Buy the dip in $RICK to profit from human desire
Strip Clubs - Music, Booze and (almost) naked women. What's a better place to look for a sound long-term investment idea? Seriously though, in my opinion, RCI Hospitality Holdings, or more commonly known as RICK, offers a very compelling long-term investment based on multiple factors in a stigmatized industry.
Let's begin with a TLDR of my thesis: RICK is a high-margin business with a deep moat rolling up a recession-proof(yep, strip clubs are recession-proof. I'll get to that later) industry while having very capable capital allocation and a cheap valuation.
RICK operates in two main sectors: Nightclub/Stripclubs and Sports bars.
What makes the nightclub industry so appealing? There are roughly 2200 clubs in the US of which around 500 meet RICKs acquisition criteria, with around 49 RICK is a big player, but still owns a small share of the market. Due to regulatory hurdles (most municipalities won't give out new operating licenses), the amount of clubs isn't increasing and many are owned by aging people looking for an exit. This is where RICK, as the only public roll-up in the sector, is a preferred buyer.
Night clubs have excellent profitability if operated well. RICKs club operating margin has steadily increased over the recent years (excluding 20 due to lockdowns) up to a 32% GAAP operating margin. Note that even though 2020 should have been a disaster, RICK still managed to stay profitable! Clubs are a very resilient business.
The second segment is the military-themed sports bar brand Bombshells. Bombshells are currently being built by the company and they are looking to franchise it in other geographies where the RICK management isn't as well versed. RICK is running a similar strategy to its clubs here: Focusing on high-margin businesses. Bombshells have above-average alcohol sales compared to peers and thus manages to rock high operating margins of 23% already while in the growth phase. RICK owns the real estate for its clubs and bars and still manages to generate 25-33% Cash on cash returns on newly opened Bombshells, showcasing the high profitability of the concept. RICK is open to spinning out Bombshells in the future to take advantage of a higher multiple than the standalone company would fetch. RICK already turned down a $280 million offer for its bombshells, according to the CEO.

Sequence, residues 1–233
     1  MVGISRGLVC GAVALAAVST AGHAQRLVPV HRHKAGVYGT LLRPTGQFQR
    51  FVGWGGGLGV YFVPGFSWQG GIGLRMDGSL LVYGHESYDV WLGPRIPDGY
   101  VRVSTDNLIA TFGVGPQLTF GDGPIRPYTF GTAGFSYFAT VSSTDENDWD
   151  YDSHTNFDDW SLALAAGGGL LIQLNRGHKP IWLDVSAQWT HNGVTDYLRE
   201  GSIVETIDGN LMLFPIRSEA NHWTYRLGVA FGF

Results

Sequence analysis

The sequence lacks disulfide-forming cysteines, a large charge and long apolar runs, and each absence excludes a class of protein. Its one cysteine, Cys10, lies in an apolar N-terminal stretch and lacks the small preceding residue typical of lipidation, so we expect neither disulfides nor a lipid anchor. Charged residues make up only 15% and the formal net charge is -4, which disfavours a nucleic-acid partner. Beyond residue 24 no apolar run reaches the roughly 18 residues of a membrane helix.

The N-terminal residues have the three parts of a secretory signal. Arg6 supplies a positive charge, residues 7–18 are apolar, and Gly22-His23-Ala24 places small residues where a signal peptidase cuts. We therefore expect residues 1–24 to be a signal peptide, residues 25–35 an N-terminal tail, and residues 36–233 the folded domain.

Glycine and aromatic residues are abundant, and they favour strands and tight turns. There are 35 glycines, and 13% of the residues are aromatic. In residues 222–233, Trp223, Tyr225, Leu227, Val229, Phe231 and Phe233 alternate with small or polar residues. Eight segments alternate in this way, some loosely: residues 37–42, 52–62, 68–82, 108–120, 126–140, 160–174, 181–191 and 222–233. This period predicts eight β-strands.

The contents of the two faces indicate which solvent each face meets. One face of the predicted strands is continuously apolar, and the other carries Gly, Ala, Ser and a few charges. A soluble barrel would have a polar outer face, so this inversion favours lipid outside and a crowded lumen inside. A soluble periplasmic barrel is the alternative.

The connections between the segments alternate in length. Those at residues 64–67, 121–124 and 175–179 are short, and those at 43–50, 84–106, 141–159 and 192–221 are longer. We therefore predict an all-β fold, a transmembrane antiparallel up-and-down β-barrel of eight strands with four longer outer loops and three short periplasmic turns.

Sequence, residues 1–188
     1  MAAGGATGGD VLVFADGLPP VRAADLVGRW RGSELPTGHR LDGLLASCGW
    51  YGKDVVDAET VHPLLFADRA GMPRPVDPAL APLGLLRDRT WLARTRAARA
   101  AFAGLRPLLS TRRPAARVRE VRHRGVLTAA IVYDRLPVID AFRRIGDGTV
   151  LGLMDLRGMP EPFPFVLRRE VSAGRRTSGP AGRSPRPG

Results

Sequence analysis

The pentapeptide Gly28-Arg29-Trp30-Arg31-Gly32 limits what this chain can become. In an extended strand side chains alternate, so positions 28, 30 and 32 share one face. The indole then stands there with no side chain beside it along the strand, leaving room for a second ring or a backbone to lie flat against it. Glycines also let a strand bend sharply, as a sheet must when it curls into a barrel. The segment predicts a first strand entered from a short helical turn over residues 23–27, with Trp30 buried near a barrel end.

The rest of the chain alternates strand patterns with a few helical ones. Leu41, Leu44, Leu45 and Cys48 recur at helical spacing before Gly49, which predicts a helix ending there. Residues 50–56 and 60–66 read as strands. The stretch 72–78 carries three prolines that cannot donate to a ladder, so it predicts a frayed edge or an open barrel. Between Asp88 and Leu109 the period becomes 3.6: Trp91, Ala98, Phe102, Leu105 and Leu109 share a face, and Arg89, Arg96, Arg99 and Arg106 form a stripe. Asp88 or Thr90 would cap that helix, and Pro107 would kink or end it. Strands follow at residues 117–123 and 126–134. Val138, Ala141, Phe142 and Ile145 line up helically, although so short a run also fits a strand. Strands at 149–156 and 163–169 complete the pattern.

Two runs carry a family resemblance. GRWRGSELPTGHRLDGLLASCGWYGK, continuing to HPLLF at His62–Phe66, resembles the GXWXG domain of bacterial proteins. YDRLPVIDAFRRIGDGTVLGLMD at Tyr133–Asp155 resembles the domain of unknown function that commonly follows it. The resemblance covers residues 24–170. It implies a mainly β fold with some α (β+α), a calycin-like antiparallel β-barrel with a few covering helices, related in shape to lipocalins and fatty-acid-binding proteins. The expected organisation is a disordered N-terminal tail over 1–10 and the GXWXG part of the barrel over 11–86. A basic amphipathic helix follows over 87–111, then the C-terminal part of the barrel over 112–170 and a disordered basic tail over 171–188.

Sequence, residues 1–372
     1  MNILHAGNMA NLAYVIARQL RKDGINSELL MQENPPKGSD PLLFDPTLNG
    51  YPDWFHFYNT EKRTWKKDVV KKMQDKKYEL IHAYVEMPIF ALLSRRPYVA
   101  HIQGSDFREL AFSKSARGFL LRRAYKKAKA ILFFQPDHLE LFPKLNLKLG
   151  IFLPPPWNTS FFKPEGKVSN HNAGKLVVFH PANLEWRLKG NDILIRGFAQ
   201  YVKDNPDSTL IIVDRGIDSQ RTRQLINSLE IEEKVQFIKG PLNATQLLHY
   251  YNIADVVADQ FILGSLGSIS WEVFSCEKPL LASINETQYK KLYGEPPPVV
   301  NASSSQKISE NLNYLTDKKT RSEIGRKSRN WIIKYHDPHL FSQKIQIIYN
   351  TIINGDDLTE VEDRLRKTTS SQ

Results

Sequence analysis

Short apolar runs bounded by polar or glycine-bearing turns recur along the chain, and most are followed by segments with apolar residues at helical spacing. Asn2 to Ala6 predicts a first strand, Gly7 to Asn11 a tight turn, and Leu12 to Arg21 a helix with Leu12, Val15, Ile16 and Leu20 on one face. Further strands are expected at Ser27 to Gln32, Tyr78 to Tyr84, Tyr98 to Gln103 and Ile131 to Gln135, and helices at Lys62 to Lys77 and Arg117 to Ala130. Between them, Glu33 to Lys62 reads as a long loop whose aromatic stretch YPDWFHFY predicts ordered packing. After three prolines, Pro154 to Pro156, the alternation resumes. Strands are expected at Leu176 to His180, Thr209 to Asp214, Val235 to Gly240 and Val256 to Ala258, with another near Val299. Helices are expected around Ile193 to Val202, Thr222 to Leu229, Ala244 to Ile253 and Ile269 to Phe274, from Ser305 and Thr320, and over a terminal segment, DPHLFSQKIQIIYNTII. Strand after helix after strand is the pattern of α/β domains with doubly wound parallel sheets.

Besides the main segments, RICK also has some optionality with two digital projects they are developing: An NFT pass for its clubs to increase loyalty and win a new generation of customers, and AdmireMe, a competitor to only fans. Admire me is especially interesting due to the low capital investment( under $1 million) and its potential to cross-sell between performers in the club: Performers will be encouraged to advertise their admireMe services to offline clients and vice versa online. This could create a nice network effect with low capital at risk.
RICK went through a major transformation in the last 6 years. If I looked into the company before 2016 I would have never invested a cent into it! In 2016 a shareholder recommended "Outsiders: Eight Unconventional CEOs and Their Radically Rational Blueprint for Success" by William Thorndike to CEO Eric Langan. The book, one of my all-time favorites, is a case study on 8 unconventional CEOs that outperformed by using absolute rationality in operations and capital allocation. Eric understood the book and transformed the company.
Back in the day, RICK thought it would create value by increasing revenue. By any means. This led to many poorly performing clubs and overall stagnation in Free Cash Flow. Part of the revenue maximization was also diluting shareholders. RICK then started to sell bad assets and focus on Free Cash Flow per share as its goal and came up with the below capital allocation strategy. The strategy is simple but effective:
- If good, cash-flowing clubs are available for purchase buy them between 3-5 times EBITDA with the real estate at market value if they are expected to generate 25-33% cash on cash returns.
- Grow the Bombshell franchise at the same 25-33% cash on cash return hurdle rate.
- If shares trade at least a 10% Free Cash Flow yield and there are no better opportunities, buy back shares.
I earlier mentioned that strip clubs are recession-proof, let me elaborate on that.
Eric mentioned in an earnings call on Twitter that in a recession the clubs switch from quality customers to quantity of customers with discounts. This process takes a few months, but it keeps the business going at a similar rate.
Yesterday RICK gave an update on Q3 sales and confirmed the high end of the current run rate of $280 million. At a 32% EBITDA margin TTM (with some covid headwinds) that would leave us around $90 million in EBITDA or a 7x EV/EBITDA.
RICK also has been buying a lot of shares lately. In Q3 they retired almost 2% of shares so far (168000 shares). Since RICK has a buyback hurdle rate of 10% FCF yield and they publicly mentioned $65 per share as the price under which they repurchase, we can assume a $6.5 FCF per share guidance.